I'm excited to introduce Zero Degrees South's first-ever guest-blogger: my father, John Hoftiezer. I've referenced him before - he's an old-school story-teller whose most frequent writing advice to me has always been "Don't let the facts interfere with a good story." It's similar in tone to the advice he gave on me when dropping me off at university "Don't let your studies interfere with your college education." From those two wisdom-nuggets alone, I think you can tell that you're in for a good ride here. Anyway, I hope you enjoy reading this as much as I have: we're posting this in celebration of the start of our journey to Arusha to attempt Kili's summit, 1-year-ago today!
-Sarah*(Okay... Mom. Hey Mom,)
|Dad taking in a view of Kibo Crater from the base of|
Mawenzi Peak: acclimatizing and enjoying the sunset!
By now everybody has heard so much about a “bucket list” that it has become a little trite. In fact, some people have other lists, such as somebody who has her “thirty before thirty” list. In my case, the fates conspired to make something which people tend to put on these lists actually occur. The following account will perhaps entertain or possibly inspire. At the very least, I hope it occupies some time contentedly.
So, you may ask, what was it? My daughter Sarah has on her list to climb a mountain, a real mountain. Tanzania has a mountain. What a fortuitous coincidence. The mountain that was climbed is Mount Kilimanjaro. It is a real mountain, a mountain that many people climb and many more have heard about. We did it together. Jambo jambo, Kilimanjaro.
A bit of personnel logistics may help in the understanding. Sarah has run away from home to save the world in Iringa, Tanzania. There is extra energy and desire for attainment in the younger crowd. Now, you cannot necessarily count on best-friend-forever girlfriends, boyfriends, or even husbands. But, as every girl knows (I am told), you can always count on your Dad. Thus, when a girlfriend backed out (she never would have made it), and a husband said he didn't really want to do it twice (we should have suspected something), Dad said yes.
To prepare for this arduous adventure, several parallel efforts were begun, paused, restarted and pursued in many combinations. First off, there was the talk. Talk consisted of questions and answers. Are we really going to do it? How much will this cost? When is a good time to climb? We asked pretty much all of the five W’s and an H questions.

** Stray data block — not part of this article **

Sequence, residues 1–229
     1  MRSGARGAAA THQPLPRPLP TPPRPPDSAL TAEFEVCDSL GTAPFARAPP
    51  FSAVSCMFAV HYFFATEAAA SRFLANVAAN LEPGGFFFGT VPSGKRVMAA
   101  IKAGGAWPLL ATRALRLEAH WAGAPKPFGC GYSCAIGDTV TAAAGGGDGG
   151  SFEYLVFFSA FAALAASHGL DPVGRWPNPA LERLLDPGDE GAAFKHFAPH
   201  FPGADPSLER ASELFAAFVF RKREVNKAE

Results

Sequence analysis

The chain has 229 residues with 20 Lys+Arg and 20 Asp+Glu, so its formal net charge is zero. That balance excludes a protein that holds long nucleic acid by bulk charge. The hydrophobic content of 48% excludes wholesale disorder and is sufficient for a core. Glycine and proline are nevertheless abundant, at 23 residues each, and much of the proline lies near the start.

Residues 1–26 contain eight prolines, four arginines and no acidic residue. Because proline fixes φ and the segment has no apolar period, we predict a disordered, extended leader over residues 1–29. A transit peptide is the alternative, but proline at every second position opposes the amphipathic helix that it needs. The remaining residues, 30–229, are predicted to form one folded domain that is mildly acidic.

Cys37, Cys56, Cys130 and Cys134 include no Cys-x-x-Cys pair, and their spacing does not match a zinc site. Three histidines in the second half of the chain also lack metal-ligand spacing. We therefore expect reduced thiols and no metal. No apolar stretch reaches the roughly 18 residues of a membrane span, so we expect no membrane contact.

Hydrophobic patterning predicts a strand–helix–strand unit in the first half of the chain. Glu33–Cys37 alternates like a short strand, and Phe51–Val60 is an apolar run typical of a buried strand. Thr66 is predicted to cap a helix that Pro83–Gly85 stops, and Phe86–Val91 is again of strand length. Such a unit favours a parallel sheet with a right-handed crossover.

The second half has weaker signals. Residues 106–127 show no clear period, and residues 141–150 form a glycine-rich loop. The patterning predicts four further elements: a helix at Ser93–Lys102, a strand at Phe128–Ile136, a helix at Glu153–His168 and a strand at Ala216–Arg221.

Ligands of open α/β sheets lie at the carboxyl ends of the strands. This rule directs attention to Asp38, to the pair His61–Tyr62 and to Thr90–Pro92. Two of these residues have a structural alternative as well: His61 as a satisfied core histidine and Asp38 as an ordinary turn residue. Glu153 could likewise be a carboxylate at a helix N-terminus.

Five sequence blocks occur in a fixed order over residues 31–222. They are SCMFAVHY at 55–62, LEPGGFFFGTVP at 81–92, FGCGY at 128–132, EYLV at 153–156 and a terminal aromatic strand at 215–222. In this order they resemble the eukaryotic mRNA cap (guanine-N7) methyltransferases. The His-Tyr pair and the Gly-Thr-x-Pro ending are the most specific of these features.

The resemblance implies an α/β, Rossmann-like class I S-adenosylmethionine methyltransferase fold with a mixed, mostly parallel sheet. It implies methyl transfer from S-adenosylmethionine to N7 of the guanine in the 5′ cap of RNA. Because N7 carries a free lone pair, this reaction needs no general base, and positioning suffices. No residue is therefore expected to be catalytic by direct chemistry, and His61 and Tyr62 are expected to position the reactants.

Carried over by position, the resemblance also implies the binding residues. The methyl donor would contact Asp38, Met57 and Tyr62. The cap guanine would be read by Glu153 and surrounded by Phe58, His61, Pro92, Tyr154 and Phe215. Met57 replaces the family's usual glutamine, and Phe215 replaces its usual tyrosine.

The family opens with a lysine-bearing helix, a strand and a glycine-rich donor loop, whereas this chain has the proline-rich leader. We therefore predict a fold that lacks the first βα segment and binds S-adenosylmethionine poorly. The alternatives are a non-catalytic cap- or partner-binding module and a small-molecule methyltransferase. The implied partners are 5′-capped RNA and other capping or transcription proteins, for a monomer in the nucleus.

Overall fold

The real commitment came when the airplane tickets were purchased. A flurry of on-again off-again selections occurred. This included a preparation revelation, a plan to spend longer in Africa. It was discovering that Iringa is at high altitude, about 5000 ft. Just being there would help with altitude sickness, the leading cause of failure in climbing. Once the “book now” click was made there was no going back.
While that was going on, the issues of getting in shape were happening. Two activities accomplished this, exercise and dieting. Dieting did a lot of good. Whole books have been written about that topic. Suffice it to say that I figure not carrying an extra twenty pounds up the hill would do just as much good as physical conditioning. Since the folk wisdom says Mt Kilimanjaro is a walk-up, walking seemed a good preparation activity. Beside which, it is enjoyable in its own right. Since a mountain trail goes up, many stairs were climbed. There just aren’t that many trails nearby, or anywhere in Ohio for that matter, that go up hill. The African expression “pole, pole”, meaning “slowly slowly”, covered all of this activity.
Outfitting the expedition was pretty simple. We hired it out. However nobody seemed too keen on sleeping in a used bag or wearing some stranger’s coat. Those were acquired. Shoes are highly recommended. These I splurged on, thinking that good boots might make quite a difference in happiness.
I flew to Das Es Salaam to be met by Sarah holding a hand written sign, like all the cab drivers do. Hers simply said DAD. Treats and treasures escaped through customs to be opened when we got home to Iringa later. Three days passed for me to acclimate, and see just exactly what Sarah was up to. It was (is) chaos. Then too quickly we were on our way again by a puddle jumper plane to Arusha. From there it was another taxi ride to the HoneyBadger Lodge in Moshi. We got there.
The first item of business was to meet our guides. Our gear was reviewed and supplementary items were identified. Everything seemed about as prepared as it could be. We strolled out to the front of the lodge to have a look in the fading light at the peak. For the first time a feeling of foreboding stole into our minds. “What have I gotten into now” is something I have felt before, and now had again. The peak didn’t tower over us, it just sort of lay over the plain looking remote. None-the-less, I slept well. We were up and about early for our approach to the mountain.
Why does it take a half day to get started? Perhaps this is the time to introduce another African phrase. TIA sands for “This is Africa”. The phrase is used in many situations. Most of them have to do with things not going smoothly. It certainly applies when things move at a leisurely pace.
We made it to the park headquarters in a microbus. Our gear was all on top. Inside were the guides, Eric and David (not their real names). Also inside with the two of us were a cook, a cook's helper, four porters and of course a driver. Because they were going to get paid the mood of the locals was high. The trekkers were hiding the fears of the previous evening well. There was a fear of rain that didn’t materialize. Lots of intrepid folks hung around, waiting in line to get permits and pay the climbing fee. We felt a bit happy that they wanted to know we would be on the mountain and happily paid the rescue fee. Otherwise, there seemed to be only a small appreciation of the effort we were about to undertake.
Our chosen path originated on the north side of the mountain. Being who we are, it was chosen because it is the least popular and because we would not retrace our steps on the future decent. The consequence was that there was another drive around the mountain to get to the trail head. I think it was worth it. We saw more of the countryside which got increasingly rural. I believe the TIA term is “off the tarmac”. As noon came and went, we got slightly impatient, not to mention hungry. As always, it worked out fine. We found the trail head, had a box lunch, and began with our first steps up.